“So how did you know he was dead?” Kihrin asked. He scrubbed himself with one hand while holding his goblet of wine with the other.
“We knew because inside the Arena, where the contest itself is held, past the great invisible barrier that surrounds it—came a great shining light. It was the light of the Crown and the Scepter of Quur. They return to the Arena when the heart of their owner beats no more. And they wait there for the next man who dares claim them. You can believe me, child, when I say men wasted no time spreading the word that the old Emperor was dead. It was time to choose a new Emperor. Everyone came to see.”
“Oh yes,” Ola said as she nodded her head. “Everyone. Rich, poor, old, young, fat, thin, freemen, slaves, citizens, and foreigners came to the park that very day. Some folk go their entire lives without seeing the choosing of the Emperor. Gendal himself lived for two hundred years. The opportunity to see the Choosing happens at most once in any person’s life, and no one wanted to miss it: least of all the men who hoped to become the next Emperor.”
She smiled at the memory. “Ah, you should have seen it, my lambs. There was barely room to stand in Arena Park—barely room to breathe! There was no rank or status at such a time. Commoners bumped shoulders with High Lords. Guild masters found themselves boxed in by street thugs. Velvet girls were felt up by Ivory Circle priests! More purses were cut than ever before or ever since.” She paused significantly.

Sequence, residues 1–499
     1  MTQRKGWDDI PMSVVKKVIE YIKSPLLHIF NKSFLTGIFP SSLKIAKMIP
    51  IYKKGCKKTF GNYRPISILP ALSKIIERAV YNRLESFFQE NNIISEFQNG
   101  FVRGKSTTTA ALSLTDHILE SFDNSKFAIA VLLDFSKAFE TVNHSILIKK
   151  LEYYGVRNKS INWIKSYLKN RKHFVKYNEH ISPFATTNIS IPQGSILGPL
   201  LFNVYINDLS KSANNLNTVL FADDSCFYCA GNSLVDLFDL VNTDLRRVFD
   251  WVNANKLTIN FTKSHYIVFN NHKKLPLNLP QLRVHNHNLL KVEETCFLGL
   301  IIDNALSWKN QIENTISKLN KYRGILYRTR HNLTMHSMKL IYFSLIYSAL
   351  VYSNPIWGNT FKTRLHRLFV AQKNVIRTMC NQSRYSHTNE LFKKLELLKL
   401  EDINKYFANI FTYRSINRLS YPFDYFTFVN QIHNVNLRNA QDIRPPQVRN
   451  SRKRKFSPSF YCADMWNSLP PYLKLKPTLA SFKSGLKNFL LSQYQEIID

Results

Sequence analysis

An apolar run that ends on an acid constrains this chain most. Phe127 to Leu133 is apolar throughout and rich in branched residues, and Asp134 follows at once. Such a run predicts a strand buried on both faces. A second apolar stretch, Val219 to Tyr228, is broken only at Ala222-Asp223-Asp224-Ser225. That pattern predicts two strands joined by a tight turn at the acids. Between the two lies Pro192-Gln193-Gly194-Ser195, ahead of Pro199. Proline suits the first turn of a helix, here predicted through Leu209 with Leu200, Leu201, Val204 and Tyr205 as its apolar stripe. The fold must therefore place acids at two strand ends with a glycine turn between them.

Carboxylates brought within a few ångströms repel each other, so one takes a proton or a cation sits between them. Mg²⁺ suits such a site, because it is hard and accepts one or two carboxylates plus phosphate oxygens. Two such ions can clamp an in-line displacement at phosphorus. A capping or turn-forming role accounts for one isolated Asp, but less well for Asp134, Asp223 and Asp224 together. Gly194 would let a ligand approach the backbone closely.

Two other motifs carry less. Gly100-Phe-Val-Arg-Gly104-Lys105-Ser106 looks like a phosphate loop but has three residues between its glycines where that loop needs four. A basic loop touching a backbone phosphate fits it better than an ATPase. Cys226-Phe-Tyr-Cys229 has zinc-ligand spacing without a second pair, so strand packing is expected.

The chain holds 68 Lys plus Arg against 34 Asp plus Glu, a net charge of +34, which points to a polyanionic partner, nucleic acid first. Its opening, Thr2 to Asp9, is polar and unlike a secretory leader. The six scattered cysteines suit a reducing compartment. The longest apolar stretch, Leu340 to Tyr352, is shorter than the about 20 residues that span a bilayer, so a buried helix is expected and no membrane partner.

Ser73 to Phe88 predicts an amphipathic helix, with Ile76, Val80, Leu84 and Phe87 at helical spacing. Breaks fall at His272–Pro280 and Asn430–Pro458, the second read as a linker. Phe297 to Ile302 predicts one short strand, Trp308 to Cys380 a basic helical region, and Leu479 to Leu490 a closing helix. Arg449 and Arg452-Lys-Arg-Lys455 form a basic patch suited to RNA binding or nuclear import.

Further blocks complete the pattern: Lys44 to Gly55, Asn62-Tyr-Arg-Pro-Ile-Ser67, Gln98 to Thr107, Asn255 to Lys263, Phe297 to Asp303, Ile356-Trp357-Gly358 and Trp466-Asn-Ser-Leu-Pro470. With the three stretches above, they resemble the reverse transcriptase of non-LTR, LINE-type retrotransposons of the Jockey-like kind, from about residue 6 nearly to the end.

“But worse crimes than purse-cutting were committed that day.”
“Like what?” Kihrin raised an eyebrow at Morea, as if she might know the answer. Morea smiled and held up her hands.
“The contest itself, some would say,” Ola explained. “For thousands of years the Great Empire has chosen its highest ruler in the same way— by contest of blood. They lowered the invisible wall surrounding the Arena, and all those men rushed in to claim the Crown and Scepter— and kill anyone who might seek to claim it first. I watched the best and brightest wizards of a generation go up in brightly colored patches of smoke on that day. Believe me when I say that with a little magic, human flesh can burn any color you can imagine and a few you probably can’t. The land inside the Arena was a cooking pot: it melted, it boiled, it flowed, and it steamed. And out of the crucible was born our Emperor.”
“So, who won?” Morea asked.